Thursday, March 02, 2006

The Right Tools: Finding Good Books for Less

A few weeks ago, when Philly got hit with 18" of snow, we made it through the storm and its aftermath quite comfortably.

Why? Because we had the right tools (like the snowblower in this photo).

Teaching Bible study or leading small groups can feel like a blizzard sometimes: too many thoughts and ideas and theologies and questions swirling in our minds and in the minds of our students/group members.

We can navigate these blizzards safely and comfortably, however, if we have the right tools.

Nearly a year ago (February 18th, 2005, Essential Bible Study Resources post), I provided a list of non-negotiable, absolute-must-have-resources for Bible study teachers and leaders, so I won't repeat the list here.

What I've learned recently is that you don't have to spend a fortune to get these things. Here are a few places on-line you can find Bible study resources inexpensively:

1. eBay (in books, go to the non-fiction, religion, and Christian sub-categories, then search your title)

2. (use the used-book seller option). Take Zondervan's NIV Nave's Topical Bible (hardback) for example. Amazon lists this book for their discount rate of $29.99. BUT new and used booksellers at Amazon list the same book for as low as $9.00. I've used the new and used option for many, many books at Amazon without incident. I highly recommend this avenue for acquiring discounted books.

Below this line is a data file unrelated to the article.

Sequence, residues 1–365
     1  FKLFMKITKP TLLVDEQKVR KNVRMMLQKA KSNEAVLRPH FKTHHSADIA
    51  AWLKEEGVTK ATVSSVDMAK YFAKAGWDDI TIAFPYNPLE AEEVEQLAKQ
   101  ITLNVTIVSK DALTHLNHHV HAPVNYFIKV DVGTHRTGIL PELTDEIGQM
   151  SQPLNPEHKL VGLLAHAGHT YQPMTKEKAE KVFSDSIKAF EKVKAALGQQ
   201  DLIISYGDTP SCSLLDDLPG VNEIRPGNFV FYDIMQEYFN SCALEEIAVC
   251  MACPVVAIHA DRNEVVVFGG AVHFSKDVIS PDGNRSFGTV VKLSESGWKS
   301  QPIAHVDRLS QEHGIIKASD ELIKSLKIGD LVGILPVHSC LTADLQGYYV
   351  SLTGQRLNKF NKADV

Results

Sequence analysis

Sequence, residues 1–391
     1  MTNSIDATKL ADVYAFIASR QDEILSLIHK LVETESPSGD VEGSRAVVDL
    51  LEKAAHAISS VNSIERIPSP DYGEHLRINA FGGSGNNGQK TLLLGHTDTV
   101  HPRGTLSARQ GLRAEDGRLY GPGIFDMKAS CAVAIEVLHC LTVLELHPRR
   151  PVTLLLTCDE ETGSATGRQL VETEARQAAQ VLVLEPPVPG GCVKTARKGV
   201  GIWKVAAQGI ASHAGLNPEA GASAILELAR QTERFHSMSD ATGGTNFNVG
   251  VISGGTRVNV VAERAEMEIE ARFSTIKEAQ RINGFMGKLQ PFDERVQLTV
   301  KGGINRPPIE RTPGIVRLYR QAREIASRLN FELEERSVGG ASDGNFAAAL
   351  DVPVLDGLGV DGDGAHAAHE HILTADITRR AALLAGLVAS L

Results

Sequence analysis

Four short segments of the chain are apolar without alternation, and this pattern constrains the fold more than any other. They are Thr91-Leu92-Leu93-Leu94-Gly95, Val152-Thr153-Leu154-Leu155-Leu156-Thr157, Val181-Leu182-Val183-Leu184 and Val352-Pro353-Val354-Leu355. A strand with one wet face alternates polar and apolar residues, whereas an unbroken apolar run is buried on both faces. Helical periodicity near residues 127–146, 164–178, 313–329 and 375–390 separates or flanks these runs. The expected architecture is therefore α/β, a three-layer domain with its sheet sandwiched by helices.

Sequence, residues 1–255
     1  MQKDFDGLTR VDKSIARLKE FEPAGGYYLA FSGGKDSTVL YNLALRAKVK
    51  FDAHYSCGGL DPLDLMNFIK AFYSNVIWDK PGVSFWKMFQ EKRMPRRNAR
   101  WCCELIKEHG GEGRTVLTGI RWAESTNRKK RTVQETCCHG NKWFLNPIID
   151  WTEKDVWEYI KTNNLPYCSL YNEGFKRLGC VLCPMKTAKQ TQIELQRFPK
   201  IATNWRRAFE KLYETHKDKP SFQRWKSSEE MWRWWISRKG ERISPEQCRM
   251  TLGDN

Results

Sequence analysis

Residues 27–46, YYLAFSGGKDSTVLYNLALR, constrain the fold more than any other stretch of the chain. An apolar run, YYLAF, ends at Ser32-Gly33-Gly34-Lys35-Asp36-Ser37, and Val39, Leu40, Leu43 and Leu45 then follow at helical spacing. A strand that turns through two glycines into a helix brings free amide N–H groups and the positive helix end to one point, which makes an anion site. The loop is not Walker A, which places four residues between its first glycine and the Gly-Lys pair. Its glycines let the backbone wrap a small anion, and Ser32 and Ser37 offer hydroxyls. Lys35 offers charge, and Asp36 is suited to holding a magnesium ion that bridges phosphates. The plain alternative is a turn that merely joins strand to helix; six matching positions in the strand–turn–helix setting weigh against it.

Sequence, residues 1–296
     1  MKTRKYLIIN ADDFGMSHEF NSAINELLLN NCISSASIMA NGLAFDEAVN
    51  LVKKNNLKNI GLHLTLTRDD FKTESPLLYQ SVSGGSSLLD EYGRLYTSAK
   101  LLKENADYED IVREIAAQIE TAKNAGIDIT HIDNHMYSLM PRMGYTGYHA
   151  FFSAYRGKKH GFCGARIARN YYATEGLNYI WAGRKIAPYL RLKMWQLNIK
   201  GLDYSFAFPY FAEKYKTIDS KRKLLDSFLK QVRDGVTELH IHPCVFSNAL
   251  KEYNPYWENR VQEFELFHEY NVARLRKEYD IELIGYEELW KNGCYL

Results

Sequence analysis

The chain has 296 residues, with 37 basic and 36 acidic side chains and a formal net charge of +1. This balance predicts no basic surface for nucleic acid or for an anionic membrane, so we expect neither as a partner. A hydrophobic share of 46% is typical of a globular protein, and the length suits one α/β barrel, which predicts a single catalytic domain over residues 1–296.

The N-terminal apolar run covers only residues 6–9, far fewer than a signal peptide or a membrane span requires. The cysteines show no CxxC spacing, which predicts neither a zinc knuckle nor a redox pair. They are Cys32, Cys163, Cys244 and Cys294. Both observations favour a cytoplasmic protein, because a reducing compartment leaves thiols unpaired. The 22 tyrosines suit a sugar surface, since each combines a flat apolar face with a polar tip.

3. Use You can search by author or title and BookFinder will yield lists of sellers and their prices, many of which are unbelievably low.

Also, beyond the Internet, don't forget about your Public Library's used-book sales, second-hand or thrift shops, discount book warehouses, and other discounters like Ollie's Bargain Outlet
I buy a LOT of my teaching resources at Ollie's, as do many of my teachers and students. Check their web-site store locator to find a store near you.

Whatever you're teaching or leading, having the right tools can make your job easier; they may even help you survive a teaching storm. Some tools you can find on-line (see right-hand margin of this page), and some electronically (see my Thursday, February 16, 2006 post), but I like the printed page.

There's just something about books. And it doesn't have to bankrupt you to add a few good, hard-copy resources to your library.

Happy resource hunting! May you find what you need.

'Til next time,

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